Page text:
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Title:Electrodeposition and speciation processes of multivalent metals for next generation batteries
Author(s):Ta, Phuong Kim
Director of Research:Gewirth, Andrew A.
Doctoral Committee Chair(s):Gewirth, Andrew A.
Doctoral Committee Member(s):Nuzzo, Ralph G.; Murphy, Catherine J.; Sottos, Nancy R.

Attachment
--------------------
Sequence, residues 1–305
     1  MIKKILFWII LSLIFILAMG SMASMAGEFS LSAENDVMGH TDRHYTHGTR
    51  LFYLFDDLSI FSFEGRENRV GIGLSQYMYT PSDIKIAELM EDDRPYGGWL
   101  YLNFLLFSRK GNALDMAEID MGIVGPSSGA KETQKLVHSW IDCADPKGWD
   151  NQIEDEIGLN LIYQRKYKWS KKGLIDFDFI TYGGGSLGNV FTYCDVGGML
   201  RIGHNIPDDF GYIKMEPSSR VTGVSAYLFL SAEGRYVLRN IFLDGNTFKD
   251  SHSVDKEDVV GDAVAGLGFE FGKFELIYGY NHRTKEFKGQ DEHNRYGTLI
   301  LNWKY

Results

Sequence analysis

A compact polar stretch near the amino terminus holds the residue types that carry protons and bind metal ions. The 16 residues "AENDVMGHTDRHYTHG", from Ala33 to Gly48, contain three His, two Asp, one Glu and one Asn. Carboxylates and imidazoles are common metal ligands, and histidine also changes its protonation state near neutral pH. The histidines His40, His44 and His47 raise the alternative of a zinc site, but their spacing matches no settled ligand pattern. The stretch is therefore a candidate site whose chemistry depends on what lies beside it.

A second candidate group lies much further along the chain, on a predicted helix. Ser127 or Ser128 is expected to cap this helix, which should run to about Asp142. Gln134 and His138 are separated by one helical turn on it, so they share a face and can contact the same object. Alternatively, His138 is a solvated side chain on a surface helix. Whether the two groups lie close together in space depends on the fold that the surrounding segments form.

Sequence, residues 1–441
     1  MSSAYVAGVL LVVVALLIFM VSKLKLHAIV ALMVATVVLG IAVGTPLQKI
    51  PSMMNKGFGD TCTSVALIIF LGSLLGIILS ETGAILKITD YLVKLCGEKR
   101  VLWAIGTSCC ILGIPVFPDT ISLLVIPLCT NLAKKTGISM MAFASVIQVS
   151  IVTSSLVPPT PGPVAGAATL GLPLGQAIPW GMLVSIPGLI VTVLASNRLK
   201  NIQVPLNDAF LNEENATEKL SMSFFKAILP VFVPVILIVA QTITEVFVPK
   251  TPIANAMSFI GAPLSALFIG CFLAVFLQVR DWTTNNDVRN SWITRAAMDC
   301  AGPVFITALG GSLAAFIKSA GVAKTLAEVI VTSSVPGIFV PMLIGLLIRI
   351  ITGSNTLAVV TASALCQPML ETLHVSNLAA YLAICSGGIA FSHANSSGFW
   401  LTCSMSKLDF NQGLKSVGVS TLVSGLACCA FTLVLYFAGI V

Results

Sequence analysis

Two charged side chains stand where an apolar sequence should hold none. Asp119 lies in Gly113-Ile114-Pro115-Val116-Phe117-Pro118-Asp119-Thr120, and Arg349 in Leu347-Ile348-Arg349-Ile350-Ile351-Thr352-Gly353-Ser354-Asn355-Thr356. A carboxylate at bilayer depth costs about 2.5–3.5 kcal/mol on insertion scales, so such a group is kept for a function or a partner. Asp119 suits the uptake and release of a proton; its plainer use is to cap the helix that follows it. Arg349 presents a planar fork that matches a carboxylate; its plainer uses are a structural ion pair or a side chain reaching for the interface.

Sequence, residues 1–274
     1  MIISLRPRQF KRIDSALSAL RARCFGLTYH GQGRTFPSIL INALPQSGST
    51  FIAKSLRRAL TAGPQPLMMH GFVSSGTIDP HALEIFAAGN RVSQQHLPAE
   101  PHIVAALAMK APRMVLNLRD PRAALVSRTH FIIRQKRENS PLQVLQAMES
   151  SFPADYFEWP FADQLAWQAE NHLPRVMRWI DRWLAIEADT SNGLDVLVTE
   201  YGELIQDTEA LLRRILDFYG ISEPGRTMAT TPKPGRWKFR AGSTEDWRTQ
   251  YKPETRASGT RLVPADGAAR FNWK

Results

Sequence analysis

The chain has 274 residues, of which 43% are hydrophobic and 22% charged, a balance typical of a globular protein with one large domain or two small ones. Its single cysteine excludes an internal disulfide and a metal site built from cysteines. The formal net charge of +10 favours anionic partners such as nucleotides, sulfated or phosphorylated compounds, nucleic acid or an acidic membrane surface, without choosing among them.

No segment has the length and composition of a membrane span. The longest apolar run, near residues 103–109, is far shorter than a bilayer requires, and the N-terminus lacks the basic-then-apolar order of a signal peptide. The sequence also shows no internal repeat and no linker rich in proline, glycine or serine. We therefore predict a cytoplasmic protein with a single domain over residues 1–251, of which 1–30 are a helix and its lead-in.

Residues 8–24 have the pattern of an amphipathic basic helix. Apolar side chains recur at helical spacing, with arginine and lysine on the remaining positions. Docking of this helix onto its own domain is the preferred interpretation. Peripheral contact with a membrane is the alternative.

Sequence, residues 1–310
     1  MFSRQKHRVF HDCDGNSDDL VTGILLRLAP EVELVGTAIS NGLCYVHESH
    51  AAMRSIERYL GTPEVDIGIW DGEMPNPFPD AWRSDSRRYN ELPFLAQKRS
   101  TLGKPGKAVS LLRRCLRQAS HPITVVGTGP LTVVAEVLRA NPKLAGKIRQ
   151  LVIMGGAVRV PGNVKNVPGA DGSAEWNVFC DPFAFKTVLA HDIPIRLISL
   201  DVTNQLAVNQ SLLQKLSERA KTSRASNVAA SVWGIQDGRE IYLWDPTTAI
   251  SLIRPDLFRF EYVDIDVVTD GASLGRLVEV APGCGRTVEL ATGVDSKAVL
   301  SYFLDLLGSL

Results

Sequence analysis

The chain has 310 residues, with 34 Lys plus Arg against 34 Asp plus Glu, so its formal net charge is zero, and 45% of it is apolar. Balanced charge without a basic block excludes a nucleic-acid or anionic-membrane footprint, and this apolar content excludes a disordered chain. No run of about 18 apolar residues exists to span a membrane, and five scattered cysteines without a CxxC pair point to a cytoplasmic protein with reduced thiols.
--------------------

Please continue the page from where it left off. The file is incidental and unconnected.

Department / Program:Chemistry
Degree Granting Institution:University of Illinois at Urbana-Champaign
Subject(s):Rechargeable Mg batteries, rechargeable Zn batteries, Rechargeable Ca batteries, Electrodeposition and stripping, ultramicrolectrode, Raman, COMSOL simulation